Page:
I have quite a bit in common with John Webster, VP Global Product Marketing at Basware. We both grew up in the North West of England, we're both P2P professionals and, curiously, we both have exactly the same book on our coffee tables at home.
I've been working with e-procurement in a wide variety of guises and in many different organizations for nearly 20 years. Before the widespread use of the internet there were some proprietary on-line purchasing systems that were, by and large, the same as a modern incarnation of a web based e-procurement system. And they all have one thing in common - they don't work.
To be fair, they're getting better but still, most implementations are an expensive set of broken promises. It's not always the technology that's at fault - sometimes it's the promises that are wrong - expectations are set unrealistically. Or its the functional design that's wrong - business requirements ignored or misunderstood. And it's such a shame because e-procurement was such a good idea.
So what's gone wrong?
Industry experts are increasingly calling for an e-invoicing mandate. In the USA as well as Europe, disappointing adoption rates over the last decade look rather embarrassing when compared to the dramatic success in Latin America where the use of electronic invoices for many businesses is not optional. But while a mandate could be seen as enforcing common sense, could there be some unintended consequences that will actually mean that mandating e-invoicing will be counter productive?
When anyone tells you something is a win-win, they’re usually lying. Where there’s a winner there’s always a loser. But sometimes it does look very compelling. Supply Chain Finance (SCF) offers the possibility of a supplier getting paid early, lowering their cost of working capital and at the same time, the buyer gets to extend their DPO. When something looks too good to be true it usually is. There must be a catch. And actually, there is.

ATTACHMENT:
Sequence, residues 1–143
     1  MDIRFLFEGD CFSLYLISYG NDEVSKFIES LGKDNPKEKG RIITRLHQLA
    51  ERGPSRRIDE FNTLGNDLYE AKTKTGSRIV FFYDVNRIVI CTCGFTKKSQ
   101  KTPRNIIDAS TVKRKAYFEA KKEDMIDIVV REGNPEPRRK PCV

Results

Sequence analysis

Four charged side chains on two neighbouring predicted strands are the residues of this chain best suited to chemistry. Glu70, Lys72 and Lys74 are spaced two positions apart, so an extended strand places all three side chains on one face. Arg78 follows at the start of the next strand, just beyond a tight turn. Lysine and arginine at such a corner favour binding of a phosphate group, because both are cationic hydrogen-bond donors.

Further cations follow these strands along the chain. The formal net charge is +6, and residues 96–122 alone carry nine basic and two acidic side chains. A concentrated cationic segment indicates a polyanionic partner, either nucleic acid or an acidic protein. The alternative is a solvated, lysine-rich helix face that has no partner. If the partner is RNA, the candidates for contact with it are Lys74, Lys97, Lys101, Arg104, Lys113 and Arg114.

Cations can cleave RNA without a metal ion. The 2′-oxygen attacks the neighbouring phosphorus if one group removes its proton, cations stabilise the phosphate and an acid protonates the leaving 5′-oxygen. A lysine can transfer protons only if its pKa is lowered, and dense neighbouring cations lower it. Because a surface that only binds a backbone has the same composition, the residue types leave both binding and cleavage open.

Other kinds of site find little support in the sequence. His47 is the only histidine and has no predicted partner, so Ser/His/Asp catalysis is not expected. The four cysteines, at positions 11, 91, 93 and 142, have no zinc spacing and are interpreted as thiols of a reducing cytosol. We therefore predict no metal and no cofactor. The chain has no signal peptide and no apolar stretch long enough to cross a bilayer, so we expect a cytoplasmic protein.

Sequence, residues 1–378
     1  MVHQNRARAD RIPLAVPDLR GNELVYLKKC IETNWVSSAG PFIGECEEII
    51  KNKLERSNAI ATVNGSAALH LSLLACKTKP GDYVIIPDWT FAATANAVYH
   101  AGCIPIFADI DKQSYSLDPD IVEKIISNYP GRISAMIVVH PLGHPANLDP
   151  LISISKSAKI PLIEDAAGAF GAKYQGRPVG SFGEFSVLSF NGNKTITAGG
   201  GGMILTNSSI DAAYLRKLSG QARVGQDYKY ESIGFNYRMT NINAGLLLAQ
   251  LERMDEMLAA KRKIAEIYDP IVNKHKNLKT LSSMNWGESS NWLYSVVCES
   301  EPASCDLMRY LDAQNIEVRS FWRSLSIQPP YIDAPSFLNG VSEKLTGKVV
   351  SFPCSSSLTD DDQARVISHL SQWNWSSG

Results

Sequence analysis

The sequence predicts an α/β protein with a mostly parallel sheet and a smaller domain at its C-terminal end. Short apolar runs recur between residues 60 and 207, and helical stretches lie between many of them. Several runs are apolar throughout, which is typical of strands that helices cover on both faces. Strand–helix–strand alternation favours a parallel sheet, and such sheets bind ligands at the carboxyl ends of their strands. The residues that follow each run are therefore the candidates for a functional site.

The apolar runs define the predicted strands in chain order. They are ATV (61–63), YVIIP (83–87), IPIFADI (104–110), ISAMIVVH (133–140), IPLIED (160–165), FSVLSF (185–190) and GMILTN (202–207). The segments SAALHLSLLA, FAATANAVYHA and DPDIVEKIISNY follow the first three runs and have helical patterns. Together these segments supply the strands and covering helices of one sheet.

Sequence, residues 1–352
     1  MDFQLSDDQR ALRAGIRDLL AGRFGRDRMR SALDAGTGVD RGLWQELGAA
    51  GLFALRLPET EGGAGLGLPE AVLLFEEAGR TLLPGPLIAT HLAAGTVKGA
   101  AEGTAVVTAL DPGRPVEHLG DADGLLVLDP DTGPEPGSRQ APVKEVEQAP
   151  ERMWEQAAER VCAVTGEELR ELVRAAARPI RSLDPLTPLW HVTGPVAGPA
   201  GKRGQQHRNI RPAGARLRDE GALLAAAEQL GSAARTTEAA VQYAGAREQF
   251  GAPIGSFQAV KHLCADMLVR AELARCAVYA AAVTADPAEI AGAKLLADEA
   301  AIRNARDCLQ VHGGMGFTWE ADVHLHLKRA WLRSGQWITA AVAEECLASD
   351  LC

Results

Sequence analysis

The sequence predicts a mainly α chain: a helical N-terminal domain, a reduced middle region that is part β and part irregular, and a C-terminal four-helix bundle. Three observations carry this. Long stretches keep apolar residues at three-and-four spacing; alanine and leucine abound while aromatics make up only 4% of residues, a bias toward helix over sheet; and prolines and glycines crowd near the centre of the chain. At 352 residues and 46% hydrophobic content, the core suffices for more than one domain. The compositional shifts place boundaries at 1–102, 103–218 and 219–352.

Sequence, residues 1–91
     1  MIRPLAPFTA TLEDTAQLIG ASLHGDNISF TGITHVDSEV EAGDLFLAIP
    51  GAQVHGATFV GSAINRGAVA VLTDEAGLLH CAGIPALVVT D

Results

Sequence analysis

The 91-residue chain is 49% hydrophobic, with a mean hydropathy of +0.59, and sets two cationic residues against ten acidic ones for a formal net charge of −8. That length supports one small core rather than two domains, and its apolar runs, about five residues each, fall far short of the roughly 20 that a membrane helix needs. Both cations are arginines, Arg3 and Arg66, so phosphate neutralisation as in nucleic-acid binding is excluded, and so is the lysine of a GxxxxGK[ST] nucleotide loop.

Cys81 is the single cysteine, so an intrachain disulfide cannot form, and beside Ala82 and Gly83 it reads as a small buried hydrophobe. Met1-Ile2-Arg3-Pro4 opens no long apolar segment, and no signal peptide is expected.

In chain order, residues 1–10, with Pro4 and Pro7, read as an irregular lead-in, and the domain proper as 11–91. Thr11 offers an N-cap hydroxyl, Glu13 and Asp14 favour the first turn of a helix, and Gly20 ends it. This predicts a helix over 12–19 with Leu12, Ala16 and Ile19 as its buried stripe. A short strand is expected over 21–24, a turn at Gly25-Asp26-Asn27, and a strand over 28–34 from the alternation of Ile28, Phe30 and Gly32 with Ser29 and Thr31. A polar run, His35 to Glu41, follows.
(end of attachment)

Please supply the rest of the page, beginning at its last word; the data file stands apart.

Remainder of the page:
Free to suppliers is no longer a big deal in the world of electronic invoicing. It was the headline feature that brought Tradeshift to everyone's attention 3 years ago and it's stood them in good stead. I never considered free to suppliers to be especially disruptive as Tradeshift claimed. It was a unique proposition but now that USP has run out of steam and there's a new new kid on the block threatening to eat Tradeshift's lunch. But Tradeshift have something else up their sleeve and this time, I think it really is disruptive.
[caption id="attachment_7544" align="aligncenter" width="600"] Copenhagen - spiritual home of Tradeshift[/caption]
Isn't it interesting how opposites attract. When the circumstances are just right, people, businesses, natural elements and chemical compounds bind together in synergistic relationships of mutual self interest. Successful supply chain partnerships are just like that and collaborations between very different businesses can create profitable partnerships in which the whole is much greater than the sum of the parts.
And isn't it disappointing when different parts of the same organization repel each other like the poles of a magnet. You would think that procurement and finance divisions of the same business would have a similar agenda but when it comes to some matters of finance, buyers have more in common with their suppliers than they have with their own finance people.